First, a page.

The sprint backlog is frozen when the sprint planning is done ?
I plan to try the assessement I this weekend but i fell on this curious sentence about the freeze of the sprint backlog in "The Scrum Master training Manual" which makes me wonder ....
page 72 :
"The sprint backlog is frozen when the Sprint Planning is done, and no one can change it for any reason. "
Which is the exact opposite of what we can found in the "Scrum guide"
page 14 :
"The Development Team modifies the Sprint Backlog throughout the Sprint, and the Sprint Backlog emerges during the Sprint."
I tend to think the "Scrum Master training" is wrong because of common sense (and by googeling such a thing that ""sprint backlog frozen" which only gives 3 results containing the book itself ) .
As i'm not a native english speaker i may have missed something.
At some point i thought they wanted to talk about the product backlog items the team selected to put into the sprint backlog (let's freeze these ones in the product backlog, it's convenient fort the burndown charts for example)
but even that makes no sense to me because :
- product backlog grooming can be done anytime by the product owner/stakeholders/ the team
- sprint backlog are modified continuously by the team
- the Development team and the product owner can speak to each other anytime durint a sprint when the team asks for it.
So ... Do you have an idea of what they meant to say ?
When you take open assesment it says that there's nothing like 'frozen sprint" have a look at this sample question.
The Development Team should not be interrupted during the Sprint. The Sprint Goal should remain intact. These are conditions that foster creativity, quality and productivity. Based on this, which of the following is false?
Correct answer: B)
You chose: D)
Note: This question displayed answer options in random order when taking this test.
The Product Owner can help clarify or optimize the Sprint when asked by the Development Team.
*Missed correct answer 's: *
B) The Sprint Backlog and its contents are fully formulated in the Sprint Planning meeting and do not change during the Sprint.
C) As a decomposition of the selected Product Backlog Items, the Sprint Backlog changes and may grow as the work emerges.
*Incorrect answer is:*
D)The Development Team may work with the Product Owner to remove or add work if it finds it has more or less capacity than it expected.
Thanks for your answer.
Assuming the Assessment is hosted by scrum.org, i guess the guide set up the rules here (and there is no such thing as a frozen sprint backlog)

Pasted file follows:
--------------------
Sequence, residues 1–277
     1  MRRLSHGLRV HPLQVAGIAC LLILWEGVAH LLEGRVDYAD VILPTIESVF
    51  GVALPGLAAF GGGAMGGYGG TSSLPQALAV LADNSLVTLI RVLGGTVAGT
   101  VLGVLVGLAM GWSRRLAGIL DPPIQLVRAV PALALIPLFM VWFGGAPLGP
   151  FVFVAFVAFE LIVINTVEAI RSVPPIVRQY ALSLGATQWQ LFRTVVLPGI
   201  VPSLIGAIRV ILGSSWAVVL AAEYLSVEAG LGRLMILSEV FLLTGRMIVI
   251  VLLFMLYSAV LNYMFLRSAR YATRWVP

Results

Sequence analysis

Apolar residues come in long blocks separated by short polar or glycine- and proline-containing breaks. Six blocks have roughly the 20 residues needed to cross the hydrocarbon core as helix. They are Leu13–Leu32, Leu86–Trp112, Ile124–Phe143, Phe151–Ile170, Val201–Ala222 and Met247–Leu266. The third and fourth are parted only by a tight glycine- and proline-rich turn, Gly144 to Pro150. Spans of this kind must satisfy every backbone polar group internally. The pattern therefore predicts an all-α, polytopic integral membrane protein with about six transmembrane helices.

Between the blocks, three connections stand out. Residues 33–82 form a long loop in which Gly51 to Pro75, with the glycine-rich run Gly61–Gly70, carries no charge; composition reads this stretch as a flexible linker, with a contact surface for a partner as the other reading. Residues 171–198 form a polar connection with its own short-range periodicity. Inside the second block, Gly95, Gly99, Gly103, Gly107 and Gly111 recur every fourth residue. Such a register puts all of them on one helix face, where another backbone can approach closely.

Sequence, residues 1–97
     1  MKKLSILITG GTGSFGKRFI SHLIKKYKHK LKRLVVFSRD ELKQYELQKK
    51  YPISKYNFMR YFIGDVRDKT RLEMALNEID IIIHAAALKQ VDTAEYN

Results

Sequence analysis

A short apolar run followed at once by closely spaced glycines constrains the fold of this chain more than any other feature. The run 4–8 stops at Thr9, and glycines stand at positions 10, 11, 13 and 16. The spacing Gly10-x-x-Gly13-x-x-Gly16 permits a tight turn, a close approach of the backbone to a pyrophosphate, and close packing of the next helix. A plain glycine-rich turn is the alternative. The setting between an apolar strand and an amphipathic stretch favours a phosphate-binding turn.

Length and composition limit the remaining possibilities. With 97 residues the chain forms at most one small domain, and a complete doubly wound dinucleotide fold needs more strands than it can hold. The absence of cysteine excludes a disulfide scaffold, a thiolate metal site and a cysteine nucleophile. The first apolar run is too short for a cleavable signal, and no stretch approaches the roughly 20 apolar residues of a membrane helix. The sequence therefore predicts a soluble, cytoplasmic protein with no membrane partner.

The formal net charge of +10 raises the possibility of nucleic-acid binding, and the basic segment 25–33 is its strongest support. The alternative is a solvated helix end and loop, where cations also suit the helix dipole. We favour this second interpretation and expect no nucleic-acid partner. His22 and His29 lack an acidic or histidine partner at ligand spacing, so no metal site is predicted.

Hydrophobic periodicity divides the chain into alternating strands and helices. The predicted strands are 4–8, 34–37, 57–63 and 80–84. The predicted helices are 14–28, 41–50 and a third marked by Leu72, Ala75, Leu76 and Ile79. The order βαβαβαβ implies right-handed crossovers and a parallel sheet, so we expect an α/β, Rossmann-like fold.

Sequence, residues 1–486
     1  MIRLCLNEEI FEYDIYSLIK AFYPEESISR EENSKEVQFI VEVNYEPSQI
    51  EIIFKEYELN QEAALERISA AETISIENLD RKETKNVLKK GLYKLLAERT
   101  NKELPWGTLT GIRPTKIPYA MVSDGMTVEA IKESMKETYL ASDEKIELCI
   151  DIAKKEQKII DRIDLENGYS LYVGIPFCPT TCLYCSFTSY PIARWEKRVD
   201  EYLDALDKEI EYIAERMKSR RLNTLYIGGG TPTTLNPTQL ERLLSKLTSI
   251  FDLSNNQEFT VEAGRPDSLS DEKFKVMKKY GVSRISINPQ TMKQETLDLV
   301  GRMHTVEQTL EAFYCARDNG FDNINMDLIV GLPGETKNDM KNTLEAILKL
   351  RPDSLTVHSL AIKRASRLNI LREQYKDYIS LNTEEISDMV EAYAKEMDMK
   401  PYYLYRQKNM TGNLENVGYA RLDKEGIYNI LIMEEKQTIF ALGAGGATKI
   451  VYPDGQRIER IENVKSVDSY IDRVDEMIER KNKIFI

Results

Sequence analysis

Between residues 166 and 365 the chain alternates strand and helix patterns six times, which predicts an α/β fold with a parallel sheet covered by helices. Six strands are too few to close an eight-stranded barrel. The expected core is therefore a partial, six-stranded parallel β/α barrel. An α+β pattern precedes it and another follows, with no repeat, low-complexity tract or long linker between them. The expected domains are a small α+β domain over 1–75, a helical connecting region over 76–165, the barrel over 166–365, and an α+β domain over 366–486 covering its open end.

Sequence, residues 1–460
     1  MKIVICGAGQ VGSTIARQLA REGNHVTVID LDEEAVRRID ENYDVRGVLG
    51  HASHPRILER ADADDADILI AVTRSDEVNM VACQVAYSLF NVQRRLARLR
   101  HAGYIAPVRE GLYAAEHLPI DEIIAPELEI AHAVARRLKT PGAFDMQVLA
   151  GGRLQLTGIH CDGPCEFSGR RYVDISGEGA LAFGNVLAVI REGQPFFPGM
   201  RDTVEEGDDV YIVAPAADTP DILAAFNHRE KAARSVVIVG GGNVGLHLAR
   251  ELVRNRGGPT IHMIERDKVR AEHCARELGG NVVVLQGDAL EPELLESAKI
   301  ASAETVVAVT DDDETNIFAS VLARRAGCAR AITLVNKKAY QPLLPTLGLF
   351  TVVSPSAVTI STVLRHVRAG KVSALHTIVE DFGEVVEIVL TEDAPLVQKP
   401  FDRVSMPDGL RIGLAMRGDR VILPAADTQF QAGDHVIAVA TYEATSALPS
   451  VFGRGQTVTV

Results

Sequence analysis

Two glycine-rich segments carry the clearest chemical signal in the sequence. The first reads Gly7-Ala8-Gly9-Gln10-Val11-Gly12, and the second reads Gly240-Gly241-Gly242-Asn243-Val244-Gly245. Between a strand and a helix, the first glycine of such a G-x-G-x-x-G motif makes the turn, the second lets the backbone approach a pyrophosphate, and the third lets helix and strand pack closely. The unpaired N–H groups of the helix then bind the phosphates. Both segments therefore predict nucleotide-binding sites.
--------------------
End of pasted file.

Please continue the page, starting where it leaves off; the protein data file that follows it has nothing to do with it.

I'll ask the question to the authors of the training manual :)
I think the word frozen is very misleading here. When you talk to the authors, you may want to point that out. They offer a definition of frozen, however even this definition is wrong. Of course stories can be added or removed during the sprint, if the team learns it can achieve more or less, and if the sprint goal is not affected.
The statement “the Sprint Backlog is frozen” means that items (stories) in the Sprint Backlog cannot be added or removed during the Sprint. However, it might be necessary to get more information, justify, or clear some of the items during the Sprint, which should be done in the presence of the Product Owner. The detailed plan which is normally not complete at the end of the Sprint Planning will become more complete as the Sprint continues.
Ludwig is right, of course stories can be added or removed during the Sprint as long as the Sprint Goal isn't compromised.
The authors of the training manual referred to appear to come from DSDM rather than Scrum backgrounds. In this approach, it is considered reasonable to set certain tolerances within which change is allowed. For example, a Scrum Team working under DSDM project controls might only be allowed to change "could have" or "should have" requirements mid-timebox (i.e. mid-sprint). The "must have" requirements might be considered "frozen", at least in so far as they cannot be changed without the project falling into exception.
In this case, I suspect the authors might have experience of very low-tolerance DSDM implementations, where *nothing* is allowed to change scope-wise once a time-box has started. They may also have experience of earlier versions of Scrum that took a commitment-based view of Sprint Planning rather than one of forecasting.
The Scrum Master Training Manual you speak of is in no way affiliated with Scrum.org, and more importantly, because its information is often incorrect, I would recommend *against* using that as a study guide for PSM I.